24
Dec
08

Bloody Monday

Today I had lunch with my great aunt.  We talked about a lot of things– but particularly things that had to do with our family’s history.  This side of my family is comprised of proud full-blooded German-American Catholics.  A long time ago, my great uncle and my father talked to me about Bloody Monday, a dark part of Louisville’s history where Germans were among groups of immigrants who were persecuted and killed.  After talking about family and history with my great aunt today, I felt compelled to learn a little more about Bloody Monday.  The following text comes from wikipedia, but I also found a more detailed article written by historian Bryan S. Bush, along with the photo below.  

bloodymonday-image3

Bloody Monday was the name given the election riots of August 6, 1855, in Louisville, Kentucky. These riots grew out of the bitter rivalry between the Democrats and supporters of the Know-Nothing Party. Rumors were started that foreigners and Catholics had interfered with the process of voting. A street fight occurred, twenty-two people were killed, scores were injured and much property was destroyed by fire.

Bloody Monday was sparked by the Know-Nothing political party (officially known as the American Party), an off shoot of the shattered Whig Party and fed in large part by the radical, inflammatory anti-immigrant writings of the editor of the Louisville Journal, George D. Prentice and others. Immigration from Ireland and Germany was changing the face of much of America and Louisville was no exception. By 1850, Louisville was the 10th largest city in the country and nearly 40% of its population was native born German. The rioters, led by Know-Nothing political figures who bolstered their ranks with paid thugs brought to Louisville for the express purpose of causing trouble, targeted Irish Catholics and Germans (primarily Catholics but Protestants and even German Jews were also caught up in the melee — the key being that they were German). By the time it was over, more than one-hundred businesses, private homes and tenements had been vandalized, looted and/or burned, including a block long row of houses known as Quinn’s Row. Conservative estimates place the death toll at 22, while more realistic estimates, including those of Bishop Martin Spalding of Louisville, placed the death toll at well over 100 with entire families consumed in the fires. Citizens were dragged from their homes, attacked on the streets and in their place of work. Weapons, arms and later bodies of the dead, were stored in Louisville Metro Hall (the old Jefferson County Courthouse, now the Mayor’s Office), a Know-Nothing stronghold at the time. Sporadic violence and attacks had occurred in the year and months leading up to August 6 and continued for some time afterward.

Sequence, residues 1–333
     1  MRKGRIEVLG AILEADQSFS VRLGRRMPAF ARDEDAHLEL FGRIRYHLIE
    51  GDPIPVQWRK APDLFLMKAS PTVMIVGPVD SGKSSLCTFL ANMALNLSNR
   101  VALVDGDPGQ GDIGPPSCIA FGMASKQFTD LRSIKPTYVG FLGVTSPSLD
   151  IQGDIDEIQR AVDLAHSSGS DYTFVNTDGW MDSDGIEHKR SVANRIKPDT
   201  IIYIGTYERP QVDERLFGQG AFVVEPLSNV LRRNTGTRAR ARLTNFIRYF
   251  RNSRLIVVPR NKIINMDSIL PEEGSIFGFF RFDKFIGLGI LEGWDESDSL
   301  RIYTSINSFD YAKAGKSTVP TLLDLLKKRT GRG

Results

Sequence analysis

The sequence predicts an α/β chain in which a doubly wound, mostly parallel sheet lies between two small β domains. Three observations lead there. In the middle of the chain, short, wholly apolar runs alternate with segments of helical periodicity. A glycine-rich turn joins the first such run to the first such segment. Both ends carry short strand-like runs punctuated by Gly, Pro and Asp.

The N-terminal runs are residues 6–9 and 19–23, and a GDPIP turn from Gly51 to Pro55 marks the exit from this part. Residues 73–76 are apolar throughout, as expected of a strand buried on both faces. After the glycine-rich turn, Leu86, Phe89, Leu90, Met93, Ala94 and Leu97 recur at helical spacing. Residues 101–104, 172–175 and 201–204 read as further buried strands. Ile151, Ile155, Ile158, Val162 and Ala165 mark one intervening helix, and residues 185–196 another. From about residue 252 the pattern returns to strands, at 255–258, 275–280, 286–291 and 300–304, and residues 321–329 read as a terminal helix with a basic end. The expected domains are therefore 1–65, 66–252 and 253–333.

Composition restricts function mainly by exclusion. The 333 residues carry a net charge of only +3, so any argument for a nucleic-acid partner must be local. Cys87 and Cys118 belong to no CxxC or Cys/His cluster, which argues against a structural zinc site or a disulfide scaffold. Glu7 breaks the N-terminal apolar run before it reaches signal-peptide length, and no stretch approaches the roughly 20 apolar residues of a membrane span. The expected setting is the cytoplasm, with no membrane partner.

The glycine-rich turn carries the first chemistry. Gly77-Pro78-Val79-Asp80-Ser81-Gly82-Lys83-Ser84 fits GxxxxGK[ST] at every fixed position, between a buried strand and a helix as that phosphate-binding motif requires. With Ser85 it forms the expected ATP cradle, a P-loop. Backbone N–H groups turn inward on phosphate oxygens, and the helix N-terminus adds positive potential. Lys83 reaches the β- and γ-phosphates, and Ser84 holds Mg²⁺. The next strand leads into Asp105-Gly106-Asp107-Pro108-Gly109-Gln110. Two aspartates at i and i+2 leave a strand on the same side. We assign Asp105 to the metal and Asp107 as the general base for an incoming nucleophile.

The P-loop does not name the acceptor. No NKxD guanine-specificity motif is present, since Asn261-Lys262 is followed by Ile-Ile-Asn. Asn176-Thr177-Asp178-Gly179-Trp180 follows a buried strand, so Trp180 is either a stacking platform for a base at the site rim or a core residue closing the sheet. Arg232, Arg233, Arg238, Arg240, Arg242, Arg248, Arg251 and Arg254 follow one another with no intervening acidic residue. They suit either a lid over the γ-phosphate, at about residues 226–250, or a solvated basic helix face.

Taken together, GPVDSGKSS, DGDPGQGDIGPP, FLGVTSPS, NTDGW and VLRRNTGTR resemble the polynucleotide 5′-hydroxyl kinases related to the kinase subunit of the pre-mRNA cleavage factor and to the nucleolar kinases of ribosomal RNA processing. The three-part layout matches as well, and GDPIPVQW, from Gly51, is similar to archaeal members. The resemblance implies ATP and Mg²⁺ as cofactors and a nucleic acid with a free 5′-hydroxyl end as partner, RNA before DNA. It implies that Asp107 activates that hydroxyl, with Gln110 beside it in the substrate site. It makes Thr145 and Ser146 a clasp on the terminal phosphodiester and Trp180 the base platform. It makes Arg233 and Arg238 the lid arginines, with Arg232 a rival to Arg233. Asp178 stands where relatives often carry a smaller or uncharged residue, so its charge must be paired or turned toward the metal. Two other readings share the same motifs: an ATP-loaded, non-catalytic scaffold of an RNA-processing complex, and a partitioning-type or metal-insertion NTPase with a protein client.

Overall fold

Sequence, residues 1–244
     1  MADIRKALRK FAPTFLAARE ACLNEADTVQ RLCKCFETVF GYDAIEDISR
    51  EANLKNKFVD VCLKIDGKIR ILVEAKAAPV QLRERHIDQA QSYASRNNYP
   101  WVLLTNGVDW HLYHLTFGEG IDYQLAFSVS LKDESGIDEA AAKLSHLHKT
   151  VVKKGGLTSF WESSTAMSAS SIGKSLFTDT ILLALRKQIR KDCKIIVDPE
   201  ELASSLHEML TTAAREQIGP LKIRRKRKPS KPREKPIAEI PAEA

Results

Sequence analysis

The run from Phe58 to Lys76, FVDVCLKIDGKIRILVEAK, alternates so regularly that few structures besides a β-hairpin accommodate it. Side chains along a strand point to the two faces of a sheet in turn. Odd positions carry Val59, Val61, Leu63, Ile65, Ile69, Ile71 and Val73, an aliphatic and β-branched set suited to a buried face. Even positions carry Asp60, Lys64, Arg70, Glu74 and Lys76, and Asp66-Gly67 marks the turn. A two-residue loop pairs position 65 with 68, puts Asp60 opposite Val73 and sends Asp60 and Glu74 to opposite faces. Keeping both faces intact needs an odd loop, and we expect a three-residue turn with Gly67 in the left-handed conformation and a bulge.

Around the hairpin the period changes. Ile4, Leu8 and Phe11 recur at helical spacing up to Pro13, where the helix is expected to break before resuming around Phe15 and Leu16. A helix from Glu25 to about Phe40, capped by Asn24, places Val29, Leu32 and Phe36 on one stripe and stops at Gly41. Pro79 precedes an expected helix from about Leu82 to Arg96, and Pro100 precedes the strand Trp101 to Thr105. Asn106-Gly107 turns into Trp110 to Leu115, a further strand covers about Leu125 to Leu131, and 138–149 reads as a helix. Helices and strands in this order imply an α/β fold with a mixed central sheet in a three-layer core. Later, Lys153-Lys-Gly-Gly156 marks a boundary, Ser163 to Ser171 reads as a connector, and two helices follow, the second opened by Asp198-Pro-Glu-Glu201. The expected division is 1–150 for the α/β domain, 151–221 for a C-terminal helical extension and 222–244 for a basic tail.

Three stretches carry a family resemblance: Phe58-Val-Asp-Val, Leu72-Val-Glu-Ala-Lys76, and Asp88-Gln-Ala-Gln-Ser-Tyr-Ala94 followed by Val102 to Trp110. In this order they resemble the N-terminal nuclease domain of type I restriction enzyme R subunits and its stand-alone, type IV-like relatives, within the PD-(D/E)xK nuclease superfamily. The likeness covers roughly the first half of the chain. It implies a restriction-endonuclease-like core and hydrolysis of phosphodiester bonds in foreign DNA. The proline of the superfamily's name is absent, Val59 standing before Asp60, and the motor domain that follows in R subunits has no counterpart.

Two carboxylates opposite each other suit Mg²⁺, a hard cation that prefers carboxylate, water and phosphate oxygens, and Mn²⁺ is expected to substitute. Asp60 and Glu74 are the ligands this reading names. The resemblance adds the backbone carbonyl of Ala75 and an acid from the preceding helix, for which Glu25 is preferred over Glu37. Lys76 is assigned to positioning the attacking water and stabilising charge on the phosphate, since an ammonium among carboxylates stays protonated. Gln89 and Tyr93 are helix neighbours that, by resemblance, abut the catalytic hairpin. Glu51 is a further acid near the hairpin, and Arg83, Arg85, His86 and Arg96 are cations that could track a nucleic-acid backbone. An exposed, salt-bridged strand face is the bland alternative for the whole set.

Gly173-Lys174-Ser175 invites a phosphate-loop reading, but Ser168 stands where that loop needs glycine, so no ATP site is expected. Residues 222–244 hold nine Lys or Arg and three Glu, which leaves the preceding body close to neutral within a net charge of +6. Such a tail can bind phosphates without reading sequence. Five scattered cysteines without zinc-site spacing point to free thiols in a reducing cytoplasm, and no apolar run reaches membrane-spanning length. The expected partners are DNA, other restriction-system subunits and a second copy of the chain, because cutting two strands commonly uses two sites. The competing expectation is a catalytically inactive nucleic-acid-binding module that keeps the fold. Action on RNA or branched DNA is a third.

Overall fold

Only by Louisville Mayor John Barbee’s intervention — himself a Know-Nothing — was the bloodshed and property destruction brought to an end, including his personal intervention that saved two Catholic churches, the new German parish of St. Martin of Tours and the Cathedral of the Assumption from destruction by the mob. No one was ever prosecuted in connection with the riots. The legitimately elected Mayor of Louisville, James S. Speed, had been ousted in June by a court order. Speed, who upon his marriage, had converted to Catholicism, would leave Louisville for Chicago never to return.

The riots had a profound impact on immigration to Louisville, causing literally more than ten thousand citizens to pack and leave for good, most to St. Louis, Chicago and Milwaukee, and a large group who left in 1856 for Prairie City, Kansas). Only the Civil War, with the trade and commerce it represented, halted this trend. This reverse immigration caused dozens upon dozens of businesses to close, affecting the arts, education and charitable causes with the loss of members, money and brain-power (primarily from the German ’48ers). Empty storefronts were the norm on once bustling commercial corridors and much of the destroyed and charred ruins lay untouched for years afterward as a silent reminder of that terrible day.

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